Using French Vowels

Weekly Teaching Tip – April 11, 2011

One of the most difficult sensations for singers to feel is the feeling of a “split resonance”, or basically a “mix”. Most techniques don’t teach or even understand this concept. As a result, most vocal techniques encourage the singer to sing entirely “under” the hard palate (Chest voice), or “behind” the palate (head voice). What sets mix apart is the knowledge and understanding that we want and can get both sensations simultaneously. That way we get the best of both worlds; the natural sound and power of the chest voice, and the beauty and range of the head voice! However, because singers have never been introduced to this concept it is a very difficult one to understand and to feel, but it is essential in their vocal development that they “get it”.

I have found that one of the quickest and easiest ways to help singers experience this “split resonance” is to use French vowels. The French have what are known as the “nasals” or nasal sounds or voyelles nasales francaises. The vowels most commonly associated with this are “oh” and “ah”. However, when the french say them the sound moves up behind the soft palate towards the nasal passageways. I have found that if the student can imitate this “French oh, or French Ah” they can get the feeling of releasing behind the soft palate without letting go of the chest or the sound “in the mouth”. Once they are comfortable with this “split resonance” all they need to do to get rid of any excess nasality in the tone is to drop the jaw. The resonation slides back more fully into the mouth without totally losing the sensation behind the soft palate.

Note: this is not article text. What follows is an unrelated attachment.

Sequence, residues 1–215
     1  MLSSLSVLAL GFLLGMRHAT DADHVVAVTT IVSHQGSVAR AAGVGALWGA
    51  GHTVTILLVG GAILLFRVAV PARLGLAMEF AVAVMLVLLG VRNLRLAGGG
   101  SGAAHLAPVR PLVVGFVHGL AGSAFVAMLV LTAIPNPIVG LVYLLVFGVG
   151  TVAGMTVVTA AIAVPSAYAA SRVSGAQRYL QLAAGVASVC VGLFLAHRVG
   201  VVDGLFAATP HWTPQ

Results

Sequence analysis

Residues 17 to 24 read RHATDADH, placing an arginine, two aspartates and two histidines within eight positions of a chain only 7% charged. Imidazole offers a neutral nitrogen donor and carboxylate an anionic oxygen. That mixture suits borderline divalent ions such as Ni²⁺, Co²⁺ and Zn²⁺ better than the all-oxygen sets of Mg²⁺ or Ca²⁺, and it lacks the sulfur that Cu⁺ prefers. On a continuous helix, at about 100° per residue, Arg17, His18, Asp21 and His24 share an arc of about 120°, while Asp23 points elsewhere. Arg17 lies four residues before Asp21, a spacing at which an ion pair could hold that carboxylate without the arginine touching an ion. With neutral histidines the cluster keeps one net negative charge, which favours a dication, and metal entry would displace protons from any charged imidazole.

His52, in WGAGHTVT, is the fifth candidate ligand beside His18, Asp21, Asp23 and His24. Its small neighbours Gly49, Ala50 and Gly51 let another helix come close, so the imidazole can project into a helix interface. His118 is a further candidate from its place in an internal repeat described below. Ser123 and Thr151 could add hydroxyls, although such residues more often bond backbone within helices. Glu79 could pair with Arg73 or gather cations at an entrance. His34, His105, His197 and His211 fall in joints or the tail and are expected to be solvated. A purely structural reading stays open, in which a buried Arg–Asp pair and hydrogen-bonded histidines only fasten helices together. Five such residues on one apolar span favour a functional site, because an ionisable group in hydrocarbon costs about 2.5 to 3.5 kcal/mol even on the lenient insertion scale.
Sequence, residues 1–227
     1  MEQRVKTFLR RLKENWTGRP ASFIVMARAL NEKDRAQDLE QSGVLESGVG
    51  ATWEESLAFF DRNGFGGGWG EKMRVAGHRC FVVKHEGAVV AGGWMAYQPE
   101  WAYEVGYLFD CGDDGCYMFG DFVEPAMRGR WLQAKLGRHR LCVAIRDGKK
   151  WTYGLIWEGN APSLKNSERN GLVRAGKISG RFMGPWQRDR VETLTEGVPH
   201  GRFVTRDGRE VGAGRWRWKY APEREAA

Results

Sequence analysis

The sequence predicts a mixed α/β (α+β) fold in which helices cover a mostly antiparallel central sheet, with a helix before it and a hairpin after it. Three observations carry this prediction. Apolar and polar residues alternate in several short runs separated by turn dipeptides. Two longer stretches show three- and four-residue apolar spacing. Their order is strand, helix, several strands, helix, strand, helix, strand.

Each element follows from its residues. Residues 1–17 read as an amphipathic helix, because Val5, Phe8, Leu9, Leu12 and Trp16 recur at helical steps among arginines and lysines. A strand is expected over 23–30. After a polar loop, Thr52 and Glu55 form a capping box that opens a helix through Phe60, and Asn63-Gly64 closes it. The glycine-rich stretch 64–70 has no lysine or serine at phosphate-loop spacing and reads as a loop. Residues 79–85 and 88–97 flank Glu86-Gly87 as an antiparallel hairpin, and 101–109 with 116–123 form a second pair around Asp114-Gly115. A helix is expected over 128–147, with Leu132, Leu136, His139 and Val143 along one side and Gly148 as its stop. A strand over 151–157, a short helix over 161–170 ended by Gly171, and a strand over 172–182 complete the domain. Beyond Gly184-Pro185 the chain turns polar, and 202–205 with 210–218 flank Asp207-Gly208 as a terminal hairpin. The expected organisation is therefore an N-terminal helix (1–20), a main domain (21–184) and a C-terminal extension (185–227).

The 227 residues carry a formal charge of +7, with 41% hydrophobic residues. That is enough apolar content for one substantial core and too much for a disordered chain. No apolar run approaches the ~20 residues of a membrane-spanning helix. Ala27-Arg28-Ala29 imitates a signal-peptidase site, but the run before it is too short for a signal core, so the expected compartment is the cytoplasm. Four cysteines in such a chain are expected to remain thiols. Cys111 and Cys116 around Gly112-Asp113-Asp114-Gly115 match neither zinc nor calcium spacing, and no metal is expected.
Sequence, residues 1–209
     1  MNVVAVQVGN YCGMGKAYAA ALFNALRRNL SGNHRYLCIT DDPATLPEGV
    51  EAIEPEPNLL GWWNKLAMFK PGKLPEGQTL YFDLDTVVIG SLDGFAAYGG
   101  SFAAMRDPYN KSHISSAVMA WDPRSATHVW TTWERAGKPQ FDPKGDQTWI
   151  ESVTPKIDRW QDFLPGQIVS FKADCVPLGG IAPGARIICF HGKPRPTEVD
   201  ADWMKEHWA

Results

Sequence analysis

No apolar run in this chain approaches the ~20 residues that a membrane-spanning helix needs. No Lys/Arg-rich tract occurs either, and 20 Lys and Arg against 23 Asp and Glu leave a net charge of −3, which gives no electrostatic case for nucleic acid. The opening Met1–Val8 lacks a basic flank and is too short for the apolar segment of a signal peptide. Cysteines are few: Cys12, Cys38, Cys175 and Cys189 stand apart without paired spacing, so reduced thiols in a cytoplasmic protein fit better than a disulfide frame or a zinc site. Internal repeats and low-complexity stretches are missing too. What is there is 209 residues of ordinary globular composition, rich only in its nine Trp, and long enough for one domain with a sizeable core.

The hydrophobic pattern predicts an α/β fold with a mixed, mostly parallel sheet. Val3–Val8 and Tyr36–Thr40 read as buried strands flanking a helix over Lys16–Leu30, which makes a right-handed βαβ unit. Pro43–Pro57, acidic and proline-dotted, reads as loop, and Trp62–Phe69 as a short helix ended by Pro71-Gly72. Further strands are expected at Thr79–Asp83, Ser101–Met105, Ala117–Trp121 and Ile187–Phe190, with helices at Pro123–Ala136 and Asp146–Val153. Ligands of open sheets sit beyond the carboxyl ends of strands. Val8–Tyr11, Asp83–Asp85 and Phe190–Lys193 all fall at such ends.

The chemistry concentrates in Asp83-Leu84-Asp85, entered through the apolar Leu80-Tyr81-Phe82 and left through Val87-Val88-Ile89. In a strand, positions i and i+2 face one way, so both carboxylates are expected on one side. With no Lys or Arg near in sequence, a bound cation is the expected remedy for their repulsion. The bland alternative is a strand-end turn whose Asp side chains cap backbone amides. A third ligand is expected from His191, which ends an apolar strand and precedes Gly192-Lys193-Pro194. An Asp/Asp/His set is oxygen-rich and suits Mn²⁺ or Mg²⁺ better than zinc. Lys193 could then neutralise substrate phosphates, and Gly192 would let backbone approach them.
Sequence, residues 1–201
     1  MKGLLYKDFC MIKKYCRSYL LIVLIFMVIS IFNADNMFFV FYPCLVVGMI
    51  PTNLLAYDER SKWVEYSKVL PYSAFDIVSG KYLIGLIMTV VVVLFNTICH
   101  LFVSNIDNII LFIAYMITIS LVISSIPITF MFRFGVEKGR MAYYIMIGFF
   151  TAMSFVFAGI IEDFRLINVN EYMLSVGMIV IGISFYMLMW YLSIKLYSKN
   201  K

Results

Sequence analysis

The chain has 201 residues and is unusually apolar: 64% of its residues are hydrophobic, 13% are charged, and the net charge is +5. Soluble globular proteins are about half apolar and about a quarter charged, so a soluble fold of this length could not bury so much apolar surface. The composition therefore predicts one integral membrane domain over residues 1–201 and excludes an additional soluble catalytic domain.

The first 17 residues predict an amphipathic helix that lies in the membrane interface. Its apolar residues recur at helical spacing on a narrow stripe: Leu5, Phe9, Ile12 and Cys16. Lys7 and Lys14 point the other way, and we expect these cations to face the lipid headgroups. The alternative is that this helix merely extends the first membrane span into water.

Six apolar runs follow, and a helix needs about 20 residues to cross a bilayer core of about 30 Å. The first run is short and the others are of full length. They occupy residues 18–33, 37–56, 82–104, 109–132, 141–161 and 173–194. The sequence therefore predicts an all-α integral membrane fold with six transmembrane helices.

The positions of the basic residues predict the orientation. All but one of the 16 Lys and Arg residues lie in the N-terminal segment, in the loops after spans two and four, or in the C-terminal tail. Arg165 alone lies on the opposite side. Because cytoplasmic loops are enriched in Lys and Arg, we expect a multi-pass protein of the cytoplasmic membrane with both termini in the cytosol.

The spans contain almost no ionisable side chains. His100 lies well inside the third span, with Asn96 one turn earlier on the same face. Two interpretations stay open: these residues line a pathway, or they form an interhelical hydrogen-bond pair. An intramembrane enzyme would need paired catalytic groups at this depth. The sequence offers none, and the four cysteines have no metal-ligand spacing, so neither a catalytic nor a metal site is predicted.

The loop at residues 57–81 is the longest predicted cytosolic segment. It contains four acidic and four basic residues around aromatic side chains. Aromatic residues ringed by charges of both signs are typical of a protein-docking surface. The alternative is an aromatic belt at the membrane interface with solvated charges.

Another way to experience this is to use the “ng” from the word “hung”. Again, the resonation is pushed behind the soft palate without losing the feeling “in the mouth”. Once the student has felt this you can move to an “nn” which brings the sound more in the mouth and less in the nasal spaces. You can then move on to vowels and sounds they will normally use in whatever language they are singing in without losing the feeling of the “split resonance”. If they “fall out” of their mix, you can always briefly re-visit the French nasal to remind them we need to keep a mix and not let the sound simply “fall out” of  the mouth in full chest or get stuck totally behind the palate in the head voice.

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